There is a common misconception that sign language is simply â€˜mimingâ€™. This is untrue given the linguistic complexities of sign languages, and also given recent lesion and neuroimaging studies that show the processing of gestures and sign languages as overlapping but distinct. In an fMRI study, MacSweeney compared cerebral activations as participants were asked to observe an individual using 1) British Sign Language (BSL) and 2) TicTac, a set of gestures used by horse racers to communicate (2004). Results of the study showed similar activations in the processing of both BSL and TicTac, however there was increased recruitment of the classical language processing areas during BSL observation. These areas included the inferior frontal lobe, superior temporal lobe and supramarginal gyrus (MacSweeney, 2004).
Development and critical period
The concept of a critical period in the development of certain biological and behavioural processes is held by many researchers and is believed to be correlated with brain plasticity (Mayberry, 2003). In particular, language acquisition is thought to be constrained by a specific time period in which language exposure is required for linguistic learning to occur. Debate regarding this theory is assisted by studies of late life sign language proficiency in deaf children born to hearing parents, as in such situations, individuals will often lack complete linguistic input during early childhood (Mayberry, 2003). Research has found that the performance of deaf adults without early childhood exposure (non-native signers) performed significantly worse in grammatical tasks compared to adults that had exposure (native signers) (Mayberry, 2002). This suggests the existence of a critical development period requiring neocortical specialisation and growth, similar to other biological processes such as the development of binocular vision (Mayberry, 2003).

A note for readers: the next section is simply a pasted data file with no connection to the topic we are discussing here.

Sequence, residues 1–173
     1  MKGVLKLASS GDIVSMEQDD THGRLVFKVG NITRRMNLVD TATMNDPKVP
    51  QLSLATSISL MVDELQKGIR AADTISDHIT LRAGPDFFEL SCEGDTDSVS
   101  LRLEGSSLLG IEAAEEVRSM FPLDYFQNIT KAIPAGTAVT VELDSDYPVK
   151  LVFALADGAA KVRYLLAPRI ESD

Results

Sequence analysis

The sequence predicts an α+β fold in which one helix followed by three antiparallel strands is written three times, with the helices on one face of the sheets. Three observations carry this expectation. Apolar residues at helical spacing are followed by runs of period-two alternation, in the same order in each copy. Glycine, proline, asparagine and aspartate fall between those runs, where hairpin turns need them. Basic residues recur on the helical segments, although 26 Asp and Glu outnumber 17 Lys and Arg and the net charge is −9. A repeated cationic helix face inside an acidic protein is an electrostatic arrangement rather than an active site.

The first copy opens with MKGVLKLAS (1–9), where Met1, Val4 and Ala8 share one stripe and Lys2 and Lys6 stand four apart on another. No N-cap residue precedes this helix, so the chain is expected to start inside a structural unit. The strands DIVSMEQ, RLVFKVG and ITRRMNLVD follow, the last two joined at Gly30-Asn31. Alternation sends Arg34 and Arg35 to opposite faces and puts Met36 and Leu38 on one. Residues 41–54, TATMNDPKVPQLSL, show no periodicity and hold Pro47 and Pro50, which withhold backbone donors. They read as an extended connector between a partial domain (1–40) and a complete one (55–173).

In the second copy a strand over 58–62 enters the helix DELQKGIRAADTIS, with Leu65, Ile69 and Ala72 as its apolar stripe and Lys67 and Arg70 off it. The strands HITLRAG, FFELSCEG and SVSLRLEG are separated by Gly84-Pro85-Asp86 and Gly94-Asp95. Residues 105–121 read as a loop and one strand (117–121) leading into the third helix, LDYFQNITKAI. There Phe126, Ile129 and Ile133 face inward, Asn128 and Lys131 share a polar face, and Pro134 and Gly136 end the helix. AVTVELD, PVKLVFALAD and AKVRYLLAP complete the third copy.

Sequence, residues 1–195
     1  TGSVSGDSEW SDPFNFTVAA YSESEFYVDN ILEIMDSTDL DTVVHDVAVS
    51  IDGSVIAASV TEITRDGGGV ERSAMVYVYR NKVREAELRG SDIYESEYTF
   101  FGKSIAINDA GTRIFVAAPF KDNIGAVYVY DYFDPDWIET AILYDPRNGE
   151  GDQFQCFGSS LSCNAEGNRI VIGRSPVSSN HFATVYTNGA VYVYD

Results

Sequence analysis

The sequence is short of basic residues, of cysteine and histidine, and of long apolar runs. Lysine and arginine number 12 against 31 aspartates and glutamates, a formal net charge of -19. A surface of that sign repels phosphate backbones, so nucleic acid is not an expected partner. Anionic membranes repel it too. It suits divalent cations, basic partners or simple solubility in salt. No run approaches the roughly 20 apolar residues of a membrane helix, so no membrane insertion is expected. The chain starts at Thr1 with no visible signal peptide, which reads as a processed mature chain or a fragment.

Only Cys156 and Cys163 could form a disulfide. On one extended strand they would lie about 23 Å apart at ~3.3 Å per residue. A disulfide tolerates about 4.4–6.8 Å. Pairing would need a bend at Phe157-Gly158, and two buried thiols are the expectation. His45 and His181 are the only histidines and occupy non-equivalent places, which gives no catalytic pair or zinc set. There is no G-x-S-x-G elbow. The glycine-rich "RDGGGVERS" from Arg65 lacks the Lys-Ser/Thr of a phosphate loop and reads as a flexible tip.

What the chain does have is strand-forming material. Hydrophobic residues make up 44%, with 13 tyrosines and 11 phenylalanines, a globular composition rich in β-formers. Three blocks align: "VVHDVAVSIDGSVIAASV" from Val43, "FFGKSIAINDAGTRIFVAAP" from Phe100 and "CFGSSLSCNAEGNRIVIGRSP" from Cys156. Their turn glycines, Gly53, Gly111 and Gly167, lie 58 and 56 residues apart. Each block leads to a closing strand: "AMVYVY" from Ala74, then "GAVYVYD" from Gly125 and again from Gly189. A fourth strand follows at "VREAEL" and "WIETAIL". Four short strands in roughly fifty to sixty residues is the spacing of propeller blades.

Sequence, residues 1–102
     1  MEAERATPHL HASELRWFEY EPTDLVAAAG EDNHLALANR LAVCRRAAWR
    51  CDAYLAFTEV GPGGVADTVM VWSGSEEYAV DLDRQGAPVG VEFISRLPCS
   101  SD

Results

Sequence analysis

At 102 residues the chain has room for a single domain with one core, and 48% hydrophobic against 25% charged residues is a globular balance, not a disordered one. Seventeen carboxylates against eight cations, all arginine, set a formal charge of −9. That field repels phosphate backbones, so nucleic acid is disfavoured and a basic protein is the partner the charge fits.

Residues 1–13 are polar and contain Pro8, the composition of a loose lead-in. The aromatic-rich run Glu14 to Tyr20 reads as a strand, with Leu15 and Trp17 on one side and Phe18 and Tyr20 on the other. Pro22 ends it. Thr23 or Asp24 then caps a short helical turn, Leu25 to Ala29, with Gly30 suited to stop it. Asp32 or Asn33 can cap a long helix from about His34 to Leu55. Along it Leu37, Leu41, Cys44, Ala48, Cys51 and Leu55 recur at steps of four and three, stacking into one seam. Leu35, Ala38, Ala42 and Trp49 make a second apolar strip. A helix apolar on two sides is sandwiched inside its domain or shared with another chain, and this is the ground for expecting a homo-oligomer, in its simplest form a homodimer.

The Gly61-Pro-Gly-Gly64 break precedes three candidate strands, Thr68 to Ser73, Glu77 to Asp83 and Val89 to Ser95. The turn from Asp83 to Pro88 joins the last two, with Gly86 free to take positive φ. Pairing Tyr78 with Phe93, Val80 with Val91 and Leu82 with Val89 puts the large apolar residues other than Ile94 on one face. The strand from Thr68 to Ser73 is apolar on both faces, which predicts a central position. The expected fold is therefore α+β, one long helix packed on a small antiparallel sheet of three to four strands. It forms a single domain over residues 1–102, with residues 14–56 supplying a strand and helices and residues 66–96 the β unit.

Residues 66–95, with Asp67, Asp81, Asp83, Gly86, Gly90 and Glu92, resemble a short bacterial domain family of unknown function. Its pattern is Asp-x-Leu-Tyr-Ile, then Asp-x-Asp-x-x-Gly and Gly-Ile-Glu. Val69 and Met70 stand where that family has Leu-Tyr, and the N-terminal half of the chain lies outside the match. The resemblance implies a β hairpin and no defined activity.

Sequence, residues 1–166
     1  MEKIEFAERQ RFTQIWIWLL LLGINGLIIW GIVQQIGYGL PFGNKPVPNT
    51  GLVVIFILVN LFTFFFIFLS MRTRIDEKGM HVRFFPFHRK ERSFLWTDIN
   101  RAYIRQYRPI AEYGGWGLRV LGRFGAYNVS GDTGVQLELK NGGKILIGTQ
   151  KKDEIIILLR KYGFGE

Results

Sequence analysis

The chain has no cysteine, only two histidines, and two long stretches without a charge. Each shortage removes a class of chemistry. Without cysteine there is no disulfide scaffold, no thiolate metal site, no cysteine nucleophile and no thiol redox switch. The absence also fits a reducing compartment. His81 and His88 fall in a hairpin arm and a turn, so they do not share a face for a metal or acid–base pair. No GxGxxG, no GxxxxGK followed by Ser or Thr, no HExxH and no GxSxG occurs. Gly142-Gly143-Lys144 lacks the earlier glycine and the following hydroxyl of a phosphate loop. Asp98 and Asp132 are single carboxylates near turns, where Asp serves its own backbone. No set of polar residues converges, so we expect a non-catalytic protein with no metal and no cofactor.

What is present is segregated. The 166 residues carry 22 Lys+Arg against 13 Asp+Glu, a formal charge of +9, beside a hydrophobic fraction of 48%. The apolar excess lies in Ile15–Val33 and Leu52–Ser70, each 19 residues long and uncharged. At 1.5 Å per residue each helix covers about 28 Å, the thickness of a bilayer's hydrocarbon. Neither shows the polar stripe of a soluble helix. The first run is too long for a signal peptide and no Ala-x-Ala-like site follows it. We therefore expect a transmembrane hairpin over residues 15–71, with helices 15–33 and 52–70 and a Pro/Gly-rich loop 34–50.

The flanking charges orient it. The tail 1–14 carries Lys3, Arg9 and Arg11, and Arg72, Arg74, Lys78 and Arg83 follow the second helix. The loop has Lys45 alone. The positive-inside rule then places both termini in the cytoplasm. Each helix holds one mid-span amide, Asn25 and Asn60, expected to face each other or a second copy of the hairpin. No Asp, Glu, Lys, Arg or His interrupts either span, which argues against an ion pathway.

The effects on neural structures due to lack of early language experience in individuals is seen to occur at the inferior frontal gyrus (MacSweeney, 2008). This area experiences greater activation in signers lacking early exposure in comparison to native signers when asked to perform phonological tasks (MacSweeney, 2008).
Keywords: Sign language, lesion studies, inferior frontal cortex, lateralisation, superior temporal gyrus, superior parietal gyrus, supramarginal gyrus, critical period, spoken language, fMRI.